What to see?

On your way to the final destination of today, stop for a swim and lunch break at Les Sardinaux, a bay with a sandy beach and bar Prao Plage with lounge music. 

The seafront of Saint Raphael in the evening sun, with the Basilica overlooking the streets, shops and marina. The scene is reflected in the calm water of the Mediterranean.
Saint Raphael

The centre of Saint-Raphaël is reachable with a free shuttle from the marina. The town has been a popular summer resort with numerous beaches for centuries. It is one of the oldest resorts, dating back to ancient Romans. A public park, Jardin Bonaparte, near Saint-Raphaël's main harbour, has a large play area, which is an attractive spot for kids.

The historical downtown is a vivid place thanks to daily markets with vegetables. Stroll through the alleys and climb up the tower of the Museum of Archeology. A breathtaking view is a nice reward after all those steps up. 

Where to stay?

The marina in Santa Lucia offers top-notch service with friendly staff and a warm welcome. The port is well-protected from prevailing winds. There are plenty of restaurants, shops, and bakeries close to the marina, but not as many as in the downtown of Saint-Raphaël. A reasonable dining option is Le Coelacanthe restaurant - a lively venue with a terrace overlooking the port. 

If proximity to the centre of Saint-Raphaël town is crucial, opt for the marina Vieux Port de Saint Raphaël. The marina is slightly more expensive and much noisier than Santa Lucia but you will really be in the center of town with a vivid and loud ambience. You will not regret visiting the gastronomy venue of La Table restaurant. which serves an inventive Mediterranean cuisine. 

Day 4 - Saint-Raphaël (Santa Lucia) - Port Grimaud - Saint Tropez (22 nm) 

It is time to slowly return to the starting point. Visiting the French Riviera without seeing Saint Tropez would feel incomplete. Moreover, Saint Tropez lies in the vicinity of another remarkable town, Port Grimaud - a little French Venice built on water. 

Colorful buildings are lined up along one of the several channels of Port Grimaud, a seaside town in southeastern France
Port Grimaud

What to see

If you book a berth directly in the Port Grimaud in the town marina, you will find yourself in the heart of a spectacular village reminiscent of Venice with its canals, bridges and restaurants. Port Grimaud is a must-stopover when sailing in this area. We recommend taking a boat ride to see the sights of pastel houses and water alleys in this charming little town.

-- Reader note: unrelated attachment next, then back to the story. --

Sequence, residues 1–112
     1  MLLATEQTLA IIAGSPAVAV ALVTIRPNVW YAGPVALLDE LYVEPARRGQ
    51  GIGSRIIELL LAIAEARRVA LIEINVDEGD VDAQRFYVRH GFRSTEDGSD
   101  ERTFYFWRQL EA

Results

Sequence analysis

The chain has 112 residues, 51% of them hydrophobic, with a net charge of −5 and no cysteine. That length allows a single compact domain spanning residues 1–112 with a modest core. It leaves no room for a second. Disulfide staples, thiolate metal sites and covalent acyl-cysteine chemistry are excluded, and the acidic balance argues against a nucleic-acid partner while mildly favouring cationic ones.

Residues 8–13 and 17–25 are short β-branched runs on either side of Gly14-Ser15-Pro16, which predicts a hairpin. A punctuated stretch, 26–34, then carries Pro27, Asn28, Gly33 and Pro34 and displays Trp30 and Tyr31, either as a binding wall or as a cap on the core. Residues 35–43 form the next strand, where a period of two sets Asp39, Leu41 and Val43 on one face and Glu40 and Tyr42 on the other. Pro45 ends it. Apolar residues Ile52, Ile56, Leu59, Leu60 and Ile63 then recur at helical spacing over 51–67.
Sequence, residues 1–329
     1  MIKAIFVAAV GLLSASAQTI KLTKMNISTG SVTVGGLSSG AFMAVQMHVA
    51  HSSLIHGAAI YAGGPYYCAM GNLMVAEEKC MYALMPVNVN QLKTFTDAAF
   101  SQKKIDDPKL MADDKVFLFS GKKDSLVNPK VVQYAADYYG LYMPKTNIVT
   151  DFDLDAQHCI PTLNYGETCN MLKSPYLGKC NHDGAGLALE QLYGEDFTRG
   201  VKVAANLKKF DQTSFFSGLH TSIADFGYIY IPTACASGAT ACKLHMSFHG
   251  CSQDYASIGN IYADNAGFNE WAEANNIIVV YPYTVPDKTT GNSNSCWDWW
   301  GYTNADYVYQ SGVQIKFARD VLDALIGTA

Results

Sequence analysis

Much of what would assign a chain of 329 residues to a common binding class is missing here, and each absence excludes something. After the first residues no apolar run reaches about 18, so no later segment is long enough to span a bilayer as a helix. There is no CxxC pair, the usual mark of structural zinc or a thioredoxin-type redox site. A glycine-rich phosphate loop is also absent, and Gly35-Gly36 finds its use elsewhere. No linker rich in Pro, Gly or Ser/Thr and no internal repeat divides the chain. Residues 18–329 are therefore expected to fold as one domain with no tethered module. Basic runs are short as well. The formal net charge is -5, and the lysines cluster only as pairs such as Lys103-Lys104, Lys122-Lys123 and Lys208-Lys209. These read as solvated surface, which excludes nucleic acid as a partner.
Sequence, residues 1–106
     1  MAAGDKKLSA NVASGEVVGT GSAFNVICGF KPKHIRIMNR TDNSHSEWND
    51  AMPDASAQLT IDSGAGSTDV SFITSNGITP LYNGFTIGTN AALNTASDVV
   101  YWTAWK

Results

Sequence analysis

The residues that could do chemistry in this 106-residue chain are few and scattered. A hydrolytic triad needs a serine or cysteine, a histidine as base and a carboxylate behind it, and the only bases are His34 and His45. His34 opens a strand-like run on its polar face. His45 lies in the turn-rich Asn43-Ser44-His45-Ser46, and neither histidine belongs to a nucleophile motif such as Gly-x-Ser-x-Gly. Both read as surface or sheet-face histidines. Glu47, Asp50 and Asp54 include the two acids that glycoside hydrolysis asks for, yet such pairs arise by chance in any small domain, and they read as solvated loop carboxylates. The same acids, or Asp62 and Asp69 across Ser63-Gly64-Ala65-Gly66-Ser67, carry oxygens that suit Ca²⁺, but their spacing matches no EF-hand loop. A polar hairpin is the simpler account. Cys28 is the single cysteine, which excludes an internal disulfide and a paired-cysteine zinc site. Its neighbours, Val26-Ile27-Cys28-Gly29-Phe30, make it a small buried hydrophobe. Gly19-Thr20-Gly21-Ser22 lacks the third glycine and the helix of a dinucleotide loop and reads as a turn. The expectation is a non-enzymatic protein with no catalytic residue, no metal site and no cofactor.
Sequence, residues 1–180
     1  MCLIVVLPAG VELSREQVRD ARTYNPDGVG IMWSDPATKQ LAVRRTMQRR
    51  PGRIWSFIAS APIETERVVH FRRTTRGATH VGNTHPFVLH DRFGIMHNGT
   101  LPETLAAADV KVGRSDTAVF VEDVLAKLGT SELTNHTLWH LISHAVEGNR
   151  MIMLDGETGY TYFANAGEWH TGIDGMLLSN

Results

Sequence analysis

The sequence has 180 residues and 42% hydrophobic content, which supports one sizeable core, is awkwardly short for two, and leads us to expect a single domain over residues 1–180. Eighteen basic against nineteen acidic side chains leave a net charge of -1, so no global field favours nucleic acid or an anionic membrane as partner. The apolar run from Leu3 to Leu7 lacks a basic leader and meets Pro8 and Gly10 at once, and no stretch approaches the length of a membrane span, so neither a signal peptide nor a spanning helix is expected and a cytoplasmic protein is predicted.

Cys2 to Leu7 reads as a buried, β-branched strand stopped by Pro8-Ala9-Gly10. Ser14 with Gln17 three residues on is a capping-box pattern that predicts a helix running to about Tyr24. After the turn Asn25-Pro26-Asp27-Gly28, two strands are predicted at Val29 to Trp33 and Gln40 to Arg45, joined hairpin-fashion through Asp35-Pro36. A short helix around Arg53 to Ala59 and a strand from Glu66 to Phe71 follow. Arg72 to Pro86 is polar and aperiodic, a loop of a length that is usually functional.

Channels and colorful buildings of Port Grimaud
Port Grimaud

Take a shuttle bus, ferry or taxi from the marina in Port Grimaud to Saint Tropez. Shuttles to Saint Tropez go every hour until midnight. The town of St Tropez is small and entirely walkable in a day. This chic and posh coastal town full of expensive cars and yachts is riddled with restaurants, bars, nightclubs and art shops. Walk to a lovely square, Place des Lices, to visit a market or just observe people playing petanque and boule. On Tuesdays, the square transforms into a big, colourful market protected by the shade of trees. Buy local plants or artisanal products such as straw hats and baskets. Climb up to the Citadel to enjoy a glorious view of the town. A must-eat in Saint Tropez is its gastronomical flagship - a pastry called La Tarte Tropézienne. 

Where to stay?

We recommend staying in the colourful Port Grimaud or in the marina Marines de Cogolin. Cogolin lies only 6 km from Saint Tropez, which allows you to spend a calm night away from the hustle and bustle of Saint Tropez. 

Cote d'azur Port Grimaud drone photo
Port Grimaud

Port Grimaud is tiny and squeezed but has several excellent eating options. Lily´s restaurant will satisfy both your stomach and eyes. The view, the food presentation and the delicious dishes are all superb.

The Port of Saint Tropez is, of course, another option for berthing, although considerably more pricey since you pay for the location. The port is busy in the summer, and one of the biggest drawbacks used to be the awful state of sanitary facilities; however, these facilities should be renovated by the summer season 2024. 

Day 5 - Port Grimaud - Le Lavandou (22 nm) 

On your voyage back, you will stop by several beach locations until you reach Le Lavandou, a place with a long stretch of sandy beach surrounded by green and steep vegetation. 

Le Lavandou